We use cookies to give you the best experience possible. By continuing we’ll assume you’re on board with our cookie policy

Planned Parenthood vs Moral Duty

Categories Government, Marriage, Parent, Planned Parenthood, Social Issues, Social science, Society, Sociology, State

Essay, Pages 3 (674 words)

viewsViews

viewsViews

Essay, Pages 3 (674 words)

Planned parenthood is a luxury to the new generation. When our parents had children, it was not a decision; it was a moral “duty” to society. To further analyze the individual factors of planned parenthood you must draw on the larger religious, social, and economic factors that guide your individual decisions (Mills, 1959). If one considers the broad social factors that shape, influence, and allow individual choices, you are using what C. Wright Mill’s called the Sociological Imagination (Appelbaum and Chambliss, 1997).

Don't waste time.

Get a verified writer to help you with Planned Parenthood vs Moral Duty

HIRE verified writer

$35.80 for a 2-page paper

The insight provided by the Sociological Imagination brings new understanding to this particular event, the planning of parenthood.

The choice to bare children was never a topic for conversation in past generations. Religion as an institution had greater influence than it does in modern society. Families of the past were expected to follow religious teaching and were manipulated by the sociological expectations of the family definition. Birth control and abortion were “taboo” and social norms demonstrated the influence of religion in society.

Nowadays abortion clinics are common ground and “the pill” is the topic in high school settings. Due to today’s norms, most people are not following the old religious standards of “go forth and multiply”; they have new wants and desires.

Religious beliefs that were the core of cultural values became second to scientific research and renovation. The focus of society shifted from the unknown and unexplained to the known and scientifically proven. Technology and medicine modernized sociological institutions; what was “taboo” became the social norm. The possibility of genetic testing, the development of the birth control pill, and government legislation of “pro-choice” allow individuals to have choices on parenthood.

Top writers

Sweet V

shield Verified writer

starstarstarstarstar 4.9 (984)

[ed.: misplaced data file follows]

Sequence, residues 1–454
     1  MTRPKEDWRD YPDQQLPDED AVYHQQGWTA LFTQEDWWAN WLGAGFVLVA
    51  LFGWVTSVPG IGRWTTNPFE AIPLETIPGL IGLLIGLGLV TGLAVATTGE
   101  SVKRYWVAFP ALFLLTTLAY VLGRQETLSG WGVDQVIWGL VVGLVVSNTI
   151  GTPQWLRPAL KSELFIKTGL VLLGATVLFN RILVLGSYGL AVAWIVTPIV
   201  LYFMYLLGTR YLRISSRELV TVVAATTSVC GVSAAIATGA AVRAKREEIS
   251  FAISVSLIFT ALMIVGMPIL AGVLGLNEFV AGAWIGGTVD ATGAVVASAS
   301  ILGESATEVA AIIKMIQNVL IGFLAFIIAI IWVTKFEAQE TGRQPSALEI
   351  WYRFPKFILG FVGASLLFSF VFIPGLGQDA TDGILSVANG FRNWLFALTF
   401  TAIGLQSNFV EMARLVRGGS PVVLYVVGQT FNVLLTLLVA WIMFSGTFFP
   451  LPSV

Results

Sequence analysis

Samantha

shield Verified writer

starstarstarstarstar 4.9 (546)

Tutor Janice

shield Verified writer

starstarstarstarstar 4.9 (549)

HIRE verified writer

Technology, which we cannot control as individuals, creates individualism, free will, and personal disclosure from what was once considered a social “duty” or basic “human nature.”

Social roles of men and women have a deep impact on personal decisions as well. Society expected men and women to get married, have children, and live a healthy life as husband and wife. Parenthood was not an option; it was a task in fulfilling your “social role” (Appelbaum and Chambliss, 1997). Men were “bread winners” and women “house makers” united by the family institution. The role of men was to provide the family with comfortable living resources and protect them from harm. They were rough, tough, and above all, had the education to succeed in the workforce.

Women were the heart of the family, the nurtures, the caregivers, the mothers and wives. They were neglected the educational resources needed to succeed in the workforce and the bare thought of a working mother was absurd. Now, with the high standards of family life, women are likely to work in order to provide additional family income.

Economically, a child is a large strain on finances. This has a large impact on the decision to bear a child. In the past, large families were normal because children were also providers of income; therefore, a large family meant economic security. The family worked to fulfill family needs not family wants. Working-class families did not have the economic opportunity of extra disposable income; they did not have “luxuries”. The foundation of the family was hard work and unity. Women worked hard in the kitchen, men in the field, and children with household tasks. Parenthood was not an option; it was an extra source of income and survival.

Social structures have given way to personal choice. Planned parenthood is the result of structural renovation. One can now sit down and discuss the meaning of being a parent without feeling society’s pressure to have a child. The Sociological Imagination enables us to “grasp at the relationship between our lives as individuals and the larger forces that help shape them” (Appelbaum, 2001). It is the interplay of larger social forces that shape the choices individuals make. The decision to bare a child is the result of social-historical renovation that provides us with the notion that we have some control over our fate. Planned parenthood is now an individual choice, not a sociological expectation.

Cite this essay

Planned Parenthood vs Moral Duty. (2016, Jun 19). Retrieved from https://studymoose.com/planned-parenthood-vs-moral-duty-essay

Stay safe, stay original

It’s fast
It’s safe
It’s FREE
check your essay for plagiarism

Not Finding What You Need?

Search for essay samples now

image

Your Answer is very helpful for Us
Thank you a lot!